Dublin Theatre Festival 2023: One Song: Histoire(S) Du Théatre IV
One Song: Histoire(S) Du Théatre IV bi Miet Warlop. Image byMichiel Devyver
It could be the set for Smells Like Teen Spirit. Dave Grohl’s disassembled drum kit scattered across a high school gymnasium. A five strong cohort of excitable stoners chatting in the bleachers. There’s even a cheerleader, of sorts. But there’s tell tale signs. A cello instead of a guitar. A keyboard. A metronome. A gymnast beam and a machine that shoots ping pong balls. There’s also the school announcer speaking through a megaphone, though you can’t understand a word she’s saying. But you understand her intent when five athletes begin warming up to boisterous applause. Introducing them through garbled speech, she clearly finds number three hilarious. Now the fun that is Miet Warlop’s One Song: Histoire(S) Du Théatre IV begins in earnest. A fun soon subjected to the law of diminishing returns.
What exactly begins is hard to say. It claims to be a music meets workout contest, but it feels like a durational song attempt for The Guinness Book of Records. All you can be sure of is its five musical athletes set about performing in the most physically strenuous and energetic way possible, for as long as possible. A violinist balancing on a beam, a cellist doing sit ups, singing while running on a treadmill, jumps to reach a synthesiser, and dashing endlessly between drum kits. Fascinating and absurdly funny for a minute or so, but the show runs for an hour. Durational surrender yielding too little in return as adjustments of the metronome manipulate speed, the stoners rocking out wildly to each mind numbing variation. A ping pong ball here, some splashing water there, a near impossible number of cheerleading spins all help break up the energised monotony. Otherwise its rinse in durational repeats till everyone collapses, mimics the pledge of allegiance, then rushes back onstage to receive a standing ovation.
Amongst other things, One Song describes itself as a reponse to grief. A mesmerising ritual defying time and transcending the body to form a community. Where one song can give meaning to a whole society. But that might not square with your experience where beats prove less tribal trance and more trying tedium. The cacophony of sound shutting out everything, including grief. More evident in performers pushing their bodies to their limits ensuring One Song defies time the way Groundhog Day defies time, reliving the experience over and over and over. Yet endlessly listening to its one song can feel like the brainwashing in A Clockwork Orange. A song, which, if you never hear it again might well be too soon. A little like grief arguably. Shifting from loose prog rock to 80s American synth pop, heavy metal to dissonant jazz, there's even some Bach for light relief and commentary. Yet if rhythms make for diversity, they’re not enough when unity sees the song remain the same. Not grief, but denying grief the unifying glue. Efforts to transform it from the personal to the communal really an attempt to escape it.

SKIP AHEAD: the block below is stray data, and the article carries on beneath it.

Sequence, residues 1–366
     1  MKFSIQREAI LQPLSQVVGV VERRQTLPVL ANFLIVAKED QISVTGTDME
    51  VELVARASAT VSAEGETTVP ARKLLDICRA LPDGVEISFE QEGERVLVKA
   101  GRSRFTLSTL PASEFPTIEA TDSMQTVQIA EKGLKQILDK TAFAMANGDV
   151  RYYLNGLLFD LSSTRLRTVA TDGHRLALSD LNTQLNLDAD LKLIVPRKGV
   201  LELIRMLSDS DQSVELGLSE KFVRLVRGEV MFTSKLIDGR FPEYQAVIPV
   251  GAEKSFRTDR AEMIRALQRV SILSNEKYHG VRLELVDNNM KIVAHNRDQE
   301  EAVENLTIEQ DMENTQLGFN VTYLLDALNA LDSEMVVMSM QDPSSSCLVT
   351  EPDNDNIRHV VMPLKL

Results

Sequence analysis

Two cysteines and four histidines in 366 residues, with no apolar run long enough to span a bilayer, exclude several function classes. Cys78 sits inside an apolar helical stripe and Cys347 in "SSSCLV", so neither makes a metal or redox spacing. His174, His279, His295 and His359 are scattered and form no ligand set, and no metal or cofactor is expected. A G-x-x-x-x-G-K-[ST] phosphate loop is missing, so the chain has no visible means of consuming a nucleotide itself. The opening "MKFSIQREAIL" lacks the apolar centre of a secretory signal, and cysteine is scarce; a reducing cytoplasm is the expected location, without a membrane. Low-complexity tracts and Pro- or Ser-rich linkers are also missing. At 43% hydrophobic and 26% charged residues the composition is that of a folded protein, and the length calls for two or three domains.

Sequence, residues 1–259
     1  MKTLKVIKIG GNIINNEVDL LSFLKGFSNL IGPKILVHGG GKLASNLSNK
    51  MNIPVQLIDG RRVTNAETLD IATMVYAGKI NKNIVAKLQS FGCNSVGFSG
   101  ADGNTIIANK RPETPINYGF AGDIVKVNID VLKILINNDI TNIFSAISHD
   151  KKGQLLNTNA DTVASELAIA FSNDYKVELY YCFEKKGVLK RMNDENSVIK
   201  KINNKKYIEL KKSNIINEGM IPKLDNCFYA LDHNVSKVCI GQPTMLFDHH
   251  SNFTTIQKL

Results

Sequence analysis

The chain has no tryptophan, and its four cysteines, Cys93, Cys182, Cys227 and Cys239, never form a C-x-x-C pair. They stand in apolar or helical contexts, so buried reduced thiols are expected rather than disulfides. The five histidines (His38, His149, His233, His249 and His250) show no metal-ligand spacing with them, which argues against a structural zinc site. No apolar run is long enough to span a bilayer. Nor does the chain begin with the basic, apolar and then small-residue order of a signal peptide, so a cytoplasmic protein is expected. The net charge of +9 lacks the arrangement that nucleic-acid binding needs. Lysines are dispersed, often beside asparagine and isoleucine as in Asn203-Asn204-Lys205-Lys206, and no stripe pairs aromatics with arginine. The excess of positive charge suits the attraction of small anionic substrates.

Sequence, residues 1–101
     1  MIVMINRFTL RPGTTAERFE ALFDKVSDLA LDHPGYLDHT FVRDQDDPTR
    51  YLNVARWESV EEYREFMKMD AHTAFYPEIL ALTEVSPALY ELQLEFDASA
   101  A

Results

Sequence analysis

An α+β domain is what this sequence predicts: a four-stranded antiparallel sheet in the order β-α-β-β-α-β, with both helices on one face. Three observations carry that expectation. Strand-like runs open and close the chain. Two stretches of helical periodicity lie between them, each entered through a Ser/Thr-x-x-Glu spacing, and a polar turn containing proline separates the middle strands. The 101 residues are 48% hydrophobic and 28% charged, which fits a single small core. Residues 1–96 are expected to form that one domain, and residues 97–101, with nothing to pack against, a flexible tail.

One Song’s blurb can sound like a tray of artistic tequila shots celebrating a communal new dawn where they’d like to teach the world to sing. Yet given that so much strenuous communal work yields so little by way of return, you might decide to fly solo and opt for poetry instead. In which case One Song might quote you some of its lyrics, “everyone around you smells your trouble.” You’re reply likely to be, “right back at ye.” That said, One Song is fun, interesting and innovative. Yet it’s homage to MTV High School Americana isn't as fun, interesting or innovative as it might have been. It’s not even the most fun, interesting and innovative production by Miet Wallop. Like a fine dining menu, One Song makes a little sound like quite a lot more than it actually is. Even so, it does have some wonderfully intense flavours.
One Song: Histoire(S) Du Théatre IV by Miet Warlop, presented by Miet Warlop |Irene Wool And Ntgent, run at The O’Reilly Theatre as part of Dublin Theatre Festival 2023 until October 15
For more information visit Dublin Theatre Festival 2023